12 November 2008

The birds of winter

In a climate like we have here on Manitoulin Island, the movements of migratory birds are among the pleasures of the changing seasons. But i must confess a special affection for the birds who don't migrate at all, but stay here through the winter — the blue jays, woodpeckers, nuthatches, and above all, the chickadees. Unlike the raucous and greedy jays, they rarely fight at the feeder; they wait their turn, zoom in and grab a seed, and zip off to a nearby perch to eat or stash it. I like the way they fly, too — in aphoristic bursts of wingflapping, allowing themselves to fall a bit between bursts. Bloggers and journal keepers write the way chickadees fly.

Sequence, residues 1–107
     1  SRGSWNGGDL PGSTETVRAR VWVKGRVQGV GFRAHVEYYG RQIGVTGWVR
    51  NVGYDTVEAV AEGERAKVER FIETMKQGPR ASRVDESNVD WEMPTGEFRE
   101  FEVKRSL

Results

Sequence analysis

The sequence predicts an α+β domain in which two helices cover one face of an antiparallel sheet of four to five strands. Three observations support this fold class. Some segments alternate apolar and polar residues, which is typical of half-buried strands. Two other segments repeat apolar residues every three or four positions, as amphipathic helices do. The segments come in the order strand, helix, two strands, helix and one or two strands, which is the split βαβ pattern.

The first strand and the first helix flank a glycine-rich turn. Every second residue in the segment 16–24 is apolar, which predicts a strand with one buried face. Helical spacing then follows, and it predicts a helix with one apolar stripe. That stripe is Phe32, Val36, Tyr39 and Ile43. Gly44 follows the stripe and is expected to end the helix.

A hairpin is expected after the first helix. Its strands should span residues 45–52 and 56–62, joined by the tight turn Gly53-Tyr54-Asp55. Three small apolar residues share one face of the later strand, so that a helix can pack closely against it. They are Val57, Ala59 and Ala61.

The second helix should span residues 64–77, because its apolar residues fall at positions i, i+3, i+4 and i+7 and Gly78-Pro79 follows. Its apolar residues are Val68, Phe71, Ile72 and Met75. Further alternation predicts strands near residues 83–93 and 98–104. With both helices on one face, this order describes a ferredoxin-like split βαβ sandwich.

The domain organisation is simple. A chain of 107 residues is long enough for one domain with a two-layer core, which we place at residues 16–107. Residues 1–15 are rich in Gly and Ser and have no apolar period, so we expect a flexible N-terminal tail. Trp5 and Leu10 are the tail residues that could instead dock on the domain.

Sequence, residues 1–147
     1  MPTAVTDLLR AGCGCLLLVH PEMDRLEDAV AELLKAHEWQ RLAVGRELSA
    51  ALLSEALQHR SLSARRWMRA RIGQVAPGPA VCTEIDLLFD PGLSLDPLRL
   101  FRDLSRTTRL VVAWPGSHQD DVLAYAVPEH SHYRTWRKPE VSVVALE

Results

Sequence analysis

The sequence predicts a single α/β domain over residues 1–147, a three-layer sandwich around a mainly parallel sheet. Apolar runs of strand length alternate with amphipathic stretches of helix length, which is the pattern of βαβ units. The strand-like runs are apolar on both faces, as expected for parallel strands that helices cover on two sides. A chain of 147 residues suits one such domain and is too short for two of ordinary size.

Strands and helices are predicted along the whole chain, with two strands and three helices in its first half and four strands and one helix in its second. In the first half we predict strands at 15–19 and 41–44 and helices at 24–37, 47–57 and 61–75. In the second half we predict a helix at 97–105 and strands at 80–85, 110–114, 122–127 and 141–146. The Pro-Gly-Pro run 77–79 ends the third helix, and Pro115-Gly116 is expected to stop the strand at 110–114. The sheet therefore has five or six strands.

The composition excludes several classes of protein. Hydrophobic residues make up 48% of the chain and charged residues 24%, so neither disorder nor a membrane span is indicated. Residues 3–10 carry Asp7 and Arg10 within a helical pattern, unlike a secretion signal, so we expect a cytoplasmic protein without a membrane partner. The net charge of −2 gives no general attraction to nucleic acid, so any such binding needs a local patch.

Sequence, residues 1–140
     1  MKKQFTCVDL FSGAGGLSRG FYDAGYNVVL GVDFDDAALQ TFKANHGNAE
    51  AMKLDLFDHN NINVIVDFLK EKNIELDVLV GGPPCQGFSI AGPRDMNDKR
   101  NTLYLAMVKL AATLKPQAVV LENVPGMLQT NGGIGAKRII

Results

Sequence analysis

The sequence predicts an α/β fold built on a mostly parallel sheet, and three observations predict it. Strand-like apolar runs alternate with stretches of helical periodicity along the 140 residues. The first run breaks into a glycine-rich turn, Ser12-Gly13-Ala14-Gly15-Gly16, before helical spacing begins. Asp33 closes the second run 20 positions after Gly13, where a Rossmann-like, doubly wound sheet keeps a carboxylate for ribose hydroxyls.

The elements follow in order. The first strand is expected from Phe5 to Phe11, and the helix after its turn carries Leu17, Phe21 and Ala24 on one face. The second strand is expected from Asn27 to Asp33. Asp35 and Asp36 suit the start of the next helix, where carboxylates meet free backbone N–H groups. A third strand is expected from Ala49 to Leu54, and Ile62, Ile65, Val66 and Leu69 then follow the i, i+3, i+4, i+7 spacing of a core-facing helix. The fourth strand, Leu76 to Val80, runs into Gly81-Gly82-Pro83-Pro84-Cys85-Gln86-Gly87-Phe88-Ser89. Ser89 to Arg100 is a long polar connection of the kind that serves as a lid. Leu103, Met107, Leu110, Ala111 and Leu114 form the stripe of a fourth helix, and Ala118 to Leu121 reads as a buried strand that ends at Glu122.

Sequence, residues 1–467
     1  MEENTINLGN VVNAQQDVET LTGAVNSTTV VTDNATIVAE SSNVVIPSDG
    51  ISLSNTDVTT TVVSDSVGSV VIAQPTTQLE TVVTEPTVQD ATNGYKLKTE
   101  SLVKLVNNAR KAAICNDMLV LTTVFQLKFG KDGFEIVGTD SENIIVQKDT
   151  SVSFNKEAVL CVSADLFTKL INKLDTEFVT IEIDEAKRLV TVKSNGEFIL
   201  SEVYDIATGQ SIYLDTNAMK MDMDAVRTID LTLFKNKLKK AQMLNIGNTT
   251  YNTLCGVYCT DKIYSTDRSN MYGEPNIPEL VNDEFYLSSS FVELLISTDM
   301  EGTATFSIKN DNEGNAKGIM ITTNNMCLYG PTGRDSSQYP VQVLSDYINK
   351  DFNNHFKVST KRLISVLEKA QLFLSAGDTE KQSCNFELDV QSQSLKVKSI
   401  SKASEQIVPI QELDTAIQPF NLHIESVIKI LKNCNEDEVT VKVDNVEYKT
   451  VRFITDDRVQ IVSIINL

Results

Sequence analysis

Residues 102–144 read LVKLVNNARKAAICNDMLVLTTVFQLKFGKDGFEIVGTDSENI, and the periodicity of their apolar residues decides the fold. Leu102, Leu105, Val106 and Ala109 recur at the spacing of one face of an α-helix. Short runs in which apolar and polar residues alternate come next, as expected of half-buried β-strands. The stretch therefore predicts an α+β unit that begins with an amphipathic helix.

The way they move, call and occasionally sing, it's hard not to see them as cheerful, friendly little tykes. And fearless, too. They'll eat out of your hand if you can manage to hold still for a minute or two. If the feeder's empty, they let me know by calling when they see me, or landing on a branch inches away from my head and staring at me pointedly. A few days ago, one of them flew right up to me and hovered fluttering about a foot in front of my face for a second or two. I got the message, and refreshed the supply of sunflower seeds. But i also tried to say a few cheerful words of my own, and i trust that they understand my clumsy language as well as i understand theirs.

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